Furthermore, the Sabbath can be regarded as a pledge of ultimate conquest of other nations, for in Isaiah 58:13-14 we read, “If thou turn away thy foot from the sabbath, from doing thy pleasure on my holy day; and call the sabbath a delight, the holy of the Lord, honourable; and shall honour Him, not doing thine own ways, nor finding thine own pleasure, nor speaking thine own words: Then shall thou delight thyself in the Lord; and I will cause thee to ride upon the high places of the earth and feed thee with the heritage  of  Jacob thy father: for the mouth of the Lord hath spoken it.”

The Sabbath should not be regarded as a condition of individual salvation, neither should it be understood that the Law can be kept in its entirety, for Paul shows us that this is impossible. Our Lord Himself defined this when He condoned those who went through the corn fields and plucked the corn on the Sabbath when they were hungry. He performed miracles on this day declaring it to be a day when good should be done.

It is not the purpose of this article to explain the change over from the 7th to the 1st day of the week, but it would suffice to say that the 7th day was not the only Sabbath, for in Leviticus we read that there were times when both the 1st day and the 7th were Sabbaths in succession. Actually all national festivals were termed Sabbaths and we know that there was  a Sabbatic day, a Sabbatic year, a Sabbatic week of weeks and a Sabbatic week of weeks of years. Jubilee year was therefore the 49th and the 50th years, and was a repetition on a yearly scale of Pentecost which represented the 50th day from Easter.

The first day of the week marked the completion  of  the seven  previous  days  and  just  as  our  Lord inaugurated it as His Resurrection Day so it inaugurates to us the dispensation of a New Race under  a  New  Federal  Head,  the  Second  Adam, the life-giving Spirit, the Lord Jesus Christ Who is the Lord of the Sabbath. Thus the first day of the week becomes a forecast, a pledge of the great Sabbath rest  when  the age-old conflict will have ceased and we will then be able to enter into His Millennial  Sabbath.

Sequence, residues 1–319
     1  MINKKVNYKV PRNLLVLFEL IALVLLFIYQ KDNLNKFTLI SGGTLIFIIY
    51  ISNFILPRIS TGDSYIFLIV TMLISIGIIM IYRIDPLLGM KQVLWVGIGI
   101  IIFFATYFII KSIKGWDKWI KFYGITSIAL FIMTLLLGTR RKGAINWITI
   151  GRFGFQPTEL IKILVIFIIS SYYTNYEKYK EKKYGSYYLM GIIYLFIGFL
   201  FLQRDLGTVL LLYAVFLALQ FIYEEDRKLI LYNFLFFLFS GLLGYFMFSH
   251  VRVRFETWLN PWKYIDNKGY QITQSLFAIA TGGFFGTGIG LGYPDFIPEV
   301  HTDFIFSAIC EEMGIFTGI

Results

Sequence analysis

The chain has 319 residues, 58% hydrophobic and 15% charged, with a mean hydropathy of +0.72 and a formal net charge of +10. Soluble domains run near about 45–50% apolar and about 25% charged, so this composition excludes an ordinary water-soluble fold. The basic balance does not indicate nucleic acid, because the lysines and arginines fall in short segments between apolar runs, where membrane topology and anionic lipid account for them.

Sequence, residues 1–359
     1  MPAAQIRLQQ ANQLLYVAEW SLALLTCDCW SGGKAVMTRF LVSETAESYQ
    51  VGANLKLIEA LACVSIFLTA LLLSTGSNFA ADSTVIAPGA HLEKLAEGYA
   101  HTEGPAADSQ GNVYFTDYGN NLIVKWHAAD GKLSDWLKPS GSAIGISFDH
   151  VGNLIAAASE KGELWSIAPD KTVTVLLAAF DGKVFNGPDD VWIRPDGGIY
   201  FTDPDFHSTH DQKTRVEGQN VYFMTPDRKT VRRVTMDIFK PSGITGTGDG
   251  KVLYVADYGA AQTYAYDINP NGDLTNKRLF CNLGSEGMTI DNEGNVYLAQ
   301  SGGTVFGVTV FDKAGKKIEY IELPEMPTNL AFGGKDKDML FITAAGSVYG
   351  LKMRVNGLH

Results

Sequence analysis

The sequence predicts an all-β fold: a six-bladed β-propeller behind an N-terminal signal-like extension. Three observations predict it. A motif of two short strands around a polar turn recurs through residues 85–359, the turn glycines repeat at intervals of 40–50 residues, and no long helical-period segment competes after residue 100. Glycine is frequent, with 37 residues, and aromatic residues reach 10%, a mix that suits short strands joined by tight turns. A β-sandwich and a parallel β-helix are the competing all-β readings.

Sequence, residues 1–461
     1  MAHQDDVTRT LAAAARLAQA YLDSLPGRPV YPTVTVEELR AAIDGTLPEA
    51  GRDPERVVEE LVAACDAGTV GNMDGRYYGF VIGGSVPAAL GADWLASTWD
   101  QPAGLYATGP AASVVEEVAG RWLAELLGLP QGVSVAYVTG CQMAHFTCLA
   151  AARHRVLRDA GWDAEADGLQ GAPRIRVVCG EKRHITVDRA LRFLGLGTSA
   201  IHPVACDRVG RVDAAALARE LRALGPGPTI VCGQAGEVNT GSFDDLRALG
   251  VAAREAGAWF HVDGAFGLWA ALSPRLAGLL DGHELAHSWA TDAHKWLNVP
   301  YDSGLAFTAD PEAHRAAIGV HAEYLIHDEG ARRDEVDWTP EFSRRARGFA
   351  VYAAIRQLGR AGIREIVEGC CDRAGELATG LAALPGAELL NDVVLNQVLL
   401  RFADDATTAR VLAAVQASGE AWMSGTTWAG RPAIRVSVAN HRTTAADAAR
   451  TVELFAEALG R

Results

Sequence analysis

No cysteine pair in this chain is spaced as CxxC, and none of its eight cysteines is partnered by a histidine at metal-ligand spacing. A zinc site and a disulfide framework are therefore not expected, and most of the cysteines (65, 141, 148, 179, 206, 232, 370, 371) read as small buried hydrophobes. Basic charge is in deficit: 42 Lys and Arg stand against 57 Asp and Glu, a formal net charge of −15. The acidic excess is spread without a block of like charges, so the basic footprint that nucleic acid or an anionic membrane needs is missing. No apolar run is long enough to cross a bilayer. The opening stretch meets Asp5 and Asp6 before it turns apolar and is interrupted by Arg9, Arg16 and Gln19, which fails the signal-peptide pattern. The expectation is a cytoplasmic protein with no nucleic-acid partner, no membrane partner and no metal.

In, therefore, honouring this first  day Sabbath in our national life we recall that it was on the first day  of the week that He rose from the dead, on the  first day He broke bread with them and ate with them; on the first day of the week He gave instructions to them; on the first day of the week He gave the Commission of the Gospel to the Church; on the first day of the week he ascended to Heaven; on the first day of the week He breathed upon them and gave them the promised Comforter; on the first day of the week, the Day of Pentecost, He sent down the Holy Ghost the Comforter; on the first day of the week He revealed Himself to the Apostle John on Patmos; on the first day of the week He revealed Himself as Alpha and Omega, the first and the last, the beginning and the end, the Almighty; on the first day of the week He gave the Seven Letters to the churches; on the first  day of the week He gave the Book of Revelation and completed the Bible, thus finishing the task of thousands of years.

When ‘Israel in the Isles’, having already been separated from the Jews who rejected Him and who were still dwelling in the land, accepted the Gospel, they received “the first day of the week ” with the Gospel of the Resurrection and eventually they legally made it their Sabbath, replacing the one they had lost during the exile.

In keeping the Sabbath of Resurrection we testify, howbeit blindly, our national belief in  the  Divine promise of National Resurrection, National Restoration and National  Entrance into His  Rest.


Give thanks unto the Lord, call upon his name, make known his deeds among the people. Sing unto him, sing psalms  unto him, talk ye of  all his wondrous works.

Glory ye in his holy name: let the heart of them rejoice that seek the Lord Seek  the Lord  and  his strength,  seek  his face continually.

Remember his marvellous works that he hath done, his wonders, and the judgments of his mouth;

O ye seed of Israel his servant, ye children of Jacob, his chosen ones. He is the Lord our God; his judgments  are in all the earth.

Be ye mindful always of his covenant; the word which he commanded to a thousand generations;

Even of the covenant which he made with Abraham, and  of  his oath unto Isaac;  And hath confirmed the same to Jacob for a law, and to Israel for an everlasting covenant.

I Chronicles 16:8-17